How Then Should We Live?   1 comment

This is part of a series. Check it out.

Sometimes non-Christians with an ax to grind on the Christian resistance to certain social trends will argue that Christians don’t keep the Old Testament dietary requirements, so we are not allowed (the claim) to old a line in other areas. We are hypocrites and have no standing on any opinion that disagrees with the culture zeitgeist.

These folks speak from a lack of Biblical knowledge. If you’ve never read Acts, you ought to. Although it is a narrative history of the early Christian church, it contains many spiritual insights.

The early Christians were, for the most part, Jews by culture and some by ancestry. The Hellenistic Jews who became believers at least knew the Judaic law and came from a base of having tried to maintain their orthodoxy.

At about the same time as Antioch was sending Paul and Barnabas to Asia Minor, Peter was heading toward an encounter with God’s plan for the Gentiles that was going to push him in a direction that he was not really prepared for.

Jewish opposition to Christianity had pushed Jewish Christians into the hinterland and forced the apostles to leave Jerusalem to tend to the flock. Peter went to Lydda near Joppa (modern day Jaifa ont he Mediterranean coast). In Acts 9, a disciple named Tabitha (or Dorcas) became ill and died. She was a grat lady, but she still died. She’d been laid out for mourning when the disciples heard that Peter was nearby, so they sent for him. Peter showed up for the memorial service, but then he ordered the room cleared and he broke a cardinal rule of a good Jew in the 1st century — he touched a dead body. He then told Tabitha to resurrect and she did.

Many came to know the Lord because of this story. I have to wonder if any of the more Pharisaical believers were bothered by Peter’s indiscretion or if Peter wasn’t really telling that part of the story. On the other hand, Peter, a former fisherman, was staying with Simon, a tanner. Both tanners and fishermen spent much of their lives in a ritually unclean state because their profession required that they touch the dead. Just a little point that gets missed by many people.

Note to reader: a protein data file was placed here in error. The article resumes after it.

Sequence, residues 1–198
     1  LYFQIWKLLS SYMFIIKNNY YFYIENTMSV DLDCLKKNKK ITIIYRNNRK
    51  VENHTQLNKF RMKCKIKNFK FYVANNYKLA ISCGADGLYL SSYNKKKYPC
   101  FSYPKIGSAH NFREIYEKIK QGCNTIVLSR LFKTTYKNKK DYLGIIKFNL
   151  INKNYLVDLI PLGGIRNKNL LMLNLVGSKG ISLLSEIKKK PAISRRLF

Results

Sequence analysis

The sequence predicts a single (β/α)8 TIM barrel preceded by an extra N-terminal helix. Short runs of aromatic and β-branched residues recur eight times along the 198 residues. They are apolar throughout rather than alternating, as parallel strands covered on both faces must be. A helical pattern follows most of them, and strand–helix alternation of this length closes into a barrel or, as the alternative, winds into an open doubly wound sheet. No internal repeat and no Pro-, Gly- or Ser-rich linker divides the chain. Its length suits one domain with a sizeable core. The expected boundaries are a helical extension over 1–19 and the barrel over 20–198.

A man Roman centurion in Caesarea (also near Jaifa) was a God-fearing Gentile. This means he admired the Jewish religion and sort of played around the edges of it, but he may not have been perfect in keeping the Law. While he was praying, he had a vision of an angel who he recognized to be the Jewish God, who complimented his works of charity as a form of worship to God. The angel told Cornelius to call for Peter.

While his three servants were heading to Joppa, Peter was up on the roof praying. He was hungry (it was near lunch) and he saw a vision of a large sheet descending from heaven. On it were all kinds of four-footed animals and reptiles and birds. The a voice that Peter recognized as God-Jesus said “Get up, Peter, slaughter and eat!” Peter immediately protested “Lord, I’m a good Jews, I’ve never eaten anything that was ritually unclean.”

The Lord rebuked him, saying “What God has made clean, you must not consider ritually unclean.” This back and forth was repeated three times before the vision ended.

While Peter was considering the implications of this vision, Cornelius’ messengers appeared that the gate and the Holy Spirit prompted him to go with them “without hesitation because I sent them”. Peter did so and invited these Gentile men to remain at Simon the tanner’s house overnight.

Peter then traveled to Caesarea. He explained to Cornelius that what he was doing was very much against Jewish law, but that God had told him that there was no difference between himself and Cornelius. Then he asked “So why have you invited me here?”

Cornelius explained and his explanation brought Peter to a realization that God does not show favoritism to certain groups of people over other groups. The gospel is meant for people from every nation. It just happened to start with the Jews.

Peter never missed an opportunity to preach and he was no different that day. While he was preaching, Cornelius’ household became Christians and began speaking in tongues. The circumcised among Peter’s entourage were shocked, but Peter recognized the hand of God and ordered baptism. He then spent several days with these Gentile believers.

Somewhat like our modern day Christian detractors, there were people owe objected to Peter reaching out to Gentiles and getting himself “dirty”. When he returned to Jerusalem, some of the circumcised believers argued that he had made himself ritually unclean and this was just wrong.

Peter argued with them by relating what had happened to him.

The Acts narrative does not give us an immediate response of the church at Jerusalem to Peter’s revelation, but instead follows the story of Barnabas at Antioch and the missionary journey he and Saul undertook. God didn’t hit pause on Peter so that the story could continue with Paul. The events at Antioch were occuring at the same time.

More on that later.

One response to “How Then Should We Live?

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  1. Pingback: Cultural Dance | aurorawatcherak

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